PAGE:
Cops Beat Small Business Owners and Steal $20,000 From Them: Lawsuit

In May of last year Teresa Blackburn and Adrian Martinez-Perez were at their tax business, when police officers called in.

The stunned couple looked on as five Kernersville cops ripped off their savings and physically abused them.

They arrested Martinez-Perez but not before taking $4000 from him, which were an advance payment for renovation job he was working on.

They kicked him several times in the ribs and face and placed their knees on his back while handcuffing him.

As if this was not enough, they threatened Blackburn.

The officers told her that if she did not hand over her car keys she would end up behind bars.

They searched the vehicle for drugs and weapons, but found nothing.

In the process they damaged her car quite severely.

Then they confiscated an additional $ 16,000 from her.

This money was investment capital for an automobile sales business she intended to start shortly.

The cops claimed they “found cocaine” on one of the bills they had taken from the man.

Following a legal course proved fruitful for the couple and the money was recovered.

Not only this, the charges against Martinez-Perez were dropped.

This means he should have never been arrested in the first place.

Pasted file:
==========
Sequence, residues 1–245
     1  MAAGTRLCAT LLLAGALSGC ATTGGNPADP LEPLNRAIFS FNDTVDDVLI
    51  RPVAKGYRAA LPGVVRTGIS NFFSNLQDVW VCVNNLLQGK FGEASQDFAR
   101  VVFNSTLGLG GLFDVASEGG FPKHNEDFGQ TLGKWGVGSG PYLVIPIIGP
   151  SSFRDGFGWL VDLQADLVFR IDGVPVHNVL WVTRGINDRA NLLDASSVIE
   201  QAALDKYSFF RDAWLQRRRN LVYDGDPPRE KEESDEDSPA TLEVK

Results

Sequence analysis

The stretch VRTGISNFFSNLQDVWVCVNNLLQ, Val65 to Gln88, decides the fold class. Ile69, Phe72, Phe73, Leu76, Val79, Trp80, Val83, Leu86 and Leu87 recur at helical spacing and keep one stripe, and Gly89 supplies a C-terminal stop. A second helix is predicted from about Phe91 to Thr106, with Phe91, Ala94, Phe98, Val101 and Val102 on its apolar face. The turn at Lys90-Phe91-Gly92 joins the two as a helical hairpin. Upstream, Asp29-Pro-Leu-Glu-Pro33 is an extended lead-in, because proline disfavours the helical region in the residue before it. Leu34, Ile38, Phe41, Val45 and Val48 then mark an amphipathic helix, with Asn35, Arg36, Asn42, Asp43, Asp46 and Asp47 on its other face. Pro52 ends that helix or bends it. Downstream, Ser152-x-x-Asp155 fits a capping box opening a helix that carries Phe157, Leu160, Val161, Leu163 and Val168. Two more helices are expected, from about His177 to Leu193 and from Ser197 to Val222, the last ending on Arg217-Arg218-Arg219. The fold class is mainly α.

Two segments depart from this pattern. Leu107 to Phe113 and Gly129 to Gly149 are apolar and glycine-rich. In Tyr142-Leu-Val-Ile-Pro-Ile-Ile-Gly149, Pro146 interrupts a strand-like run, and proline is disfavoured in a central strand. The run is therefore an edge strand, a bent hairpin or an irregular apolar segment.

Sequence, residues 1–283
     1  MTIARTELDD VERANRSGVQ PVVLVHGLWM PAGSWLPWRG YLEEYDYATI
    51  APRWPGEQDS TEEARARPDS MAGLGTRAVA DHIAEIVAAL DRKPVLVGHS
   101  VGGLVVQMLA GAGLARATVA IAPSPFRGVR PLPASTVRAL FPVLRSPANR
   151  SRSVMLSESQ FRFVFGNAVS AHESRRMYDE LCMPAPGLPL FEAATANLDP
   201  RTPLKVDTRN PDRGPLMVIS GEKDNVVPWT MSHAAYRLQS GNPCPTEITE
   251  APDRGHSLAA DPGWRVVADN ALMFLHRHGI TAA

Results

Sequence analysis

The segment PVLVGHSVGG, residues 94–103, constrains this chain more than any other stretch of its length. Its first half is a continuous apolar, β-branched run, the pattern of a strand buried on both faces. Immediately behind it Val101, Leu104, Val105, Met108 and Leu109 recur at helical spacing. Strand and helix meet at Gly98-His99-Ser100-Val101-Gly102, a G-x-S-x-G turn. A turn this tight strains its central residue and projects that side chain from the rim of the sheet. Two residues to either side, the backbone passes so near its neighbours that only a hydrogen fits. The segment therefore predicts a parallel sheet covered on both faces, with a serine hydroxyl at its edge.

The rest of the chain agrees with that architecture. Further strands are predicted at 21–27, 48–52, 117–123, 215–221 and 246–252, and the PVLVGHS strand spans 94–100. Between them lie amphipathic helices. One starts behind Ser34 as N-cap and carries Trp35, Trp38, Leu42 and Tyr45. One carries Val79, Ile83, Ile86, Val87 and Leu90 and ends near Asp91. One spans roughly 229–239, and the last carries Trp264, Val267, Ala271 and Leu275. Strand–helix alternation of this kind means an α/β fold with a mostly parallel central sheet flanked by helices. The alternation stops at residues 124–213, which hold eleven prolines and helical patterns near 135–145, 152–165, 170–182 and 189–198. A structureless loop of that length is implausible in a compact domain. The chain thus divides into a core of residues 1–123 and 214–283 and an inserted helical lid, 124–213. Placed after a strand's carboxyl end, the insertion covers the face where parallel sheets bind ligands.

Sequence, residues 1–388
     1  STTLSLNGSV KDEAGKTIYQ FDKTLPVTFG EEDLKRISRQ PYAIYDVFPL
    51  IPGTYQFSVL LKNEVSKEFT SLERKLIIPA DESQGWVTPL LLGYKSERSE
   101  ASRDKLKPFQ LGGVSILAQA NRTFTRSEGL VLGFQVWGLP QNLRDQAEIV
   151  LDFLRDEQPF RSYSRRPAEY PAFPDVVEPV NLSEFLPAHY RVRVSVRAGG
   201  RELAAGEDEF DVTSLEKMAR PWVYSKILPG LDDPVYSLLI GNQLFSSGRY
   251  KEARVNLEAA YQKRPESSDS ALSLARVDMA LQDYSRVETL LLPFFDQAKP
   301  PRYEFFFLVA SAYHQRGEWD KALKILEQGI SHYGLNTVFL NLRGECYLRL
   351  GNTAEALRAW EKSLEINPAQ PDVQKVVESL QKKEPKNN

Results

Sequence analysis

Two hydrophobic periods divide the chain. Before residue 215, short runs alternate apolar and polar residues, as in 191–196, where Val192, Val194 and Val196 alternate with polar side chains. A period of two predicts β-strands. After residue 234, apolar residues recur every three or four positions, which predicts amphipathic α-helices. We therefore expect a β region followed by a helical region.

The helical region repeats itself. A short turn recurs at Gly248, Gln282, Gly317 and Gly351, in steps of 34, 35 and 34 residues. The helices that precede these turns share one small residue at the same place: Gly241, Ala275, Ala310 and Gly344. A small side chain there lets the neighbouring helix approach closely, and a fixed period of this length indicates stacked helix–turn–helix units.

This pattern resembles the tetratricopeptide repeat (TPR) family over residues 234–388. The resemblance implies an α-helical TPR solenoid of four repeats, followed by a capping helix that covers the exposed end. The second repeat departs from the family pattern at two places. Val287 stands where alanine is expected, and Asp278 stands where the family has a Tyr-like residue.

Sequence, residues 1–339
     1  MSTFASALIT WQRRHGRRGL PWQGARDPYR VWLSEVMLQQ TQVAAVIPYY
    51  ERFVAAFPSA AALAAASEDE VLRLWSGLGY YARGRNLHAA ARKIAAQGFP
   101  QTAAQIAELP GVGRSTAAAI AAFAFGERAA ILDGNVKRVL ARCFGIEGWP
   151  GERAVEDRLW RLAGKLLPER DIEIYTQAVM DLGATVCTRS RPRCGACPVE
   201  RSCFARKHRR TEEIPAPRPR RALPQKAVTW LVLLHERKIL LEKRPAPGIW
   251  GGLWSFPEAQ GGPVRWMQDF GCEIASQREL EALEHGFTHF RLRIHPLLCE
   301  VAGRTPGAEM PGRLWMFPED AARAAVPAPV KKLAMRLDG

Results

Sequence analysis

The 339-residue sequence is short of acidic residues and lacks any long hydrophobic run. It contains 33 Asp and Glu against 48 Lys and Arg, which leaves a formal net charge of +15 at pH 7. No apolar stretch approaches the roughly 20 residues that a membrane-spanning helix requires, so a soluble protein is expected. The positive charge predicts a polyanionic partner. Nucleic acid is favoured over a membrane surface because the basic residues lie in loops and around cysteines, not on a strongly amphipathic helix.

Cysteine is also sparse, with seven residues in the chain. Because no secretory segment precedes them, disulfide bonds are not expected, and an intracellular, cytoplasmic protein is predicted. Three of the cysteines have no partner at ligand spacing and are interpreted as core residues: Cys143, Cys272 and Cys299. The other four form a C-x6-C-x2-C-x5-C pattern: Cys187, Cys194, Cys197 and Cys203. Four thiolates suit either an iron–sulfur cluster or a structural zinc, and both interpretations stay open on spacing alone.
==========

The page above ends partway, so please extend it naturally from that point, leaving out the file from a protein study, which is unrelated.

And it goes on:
The two have filed a lawsuit against the officers and the town of Kernersville.

The cops named in the court case are – J.L. Redden, E.G. Shumate, K.L. Cullison, M.W. Long and R.L. Joyner.

The Police Chief Scott Cunningham says his officers were justified and none of what happened that day was illegal.

“We look forward to proving the appropriateness of our actions,” he commented.

Representing Blackburn and Martinez-Perez is Clarke Dummit, a Winston-Salem attorney.

According to him the couple fell prey to something called an Equitable Sharing program.

Appallingly, it is a way that police can take assets from civilians without any criminal charges.

“While most police officers are great, ‘Equitable Sharing’ incentivizes officers to breach people’s rights so local law enforcement agencies can profit; it is just bad law and bad policy,” he added.

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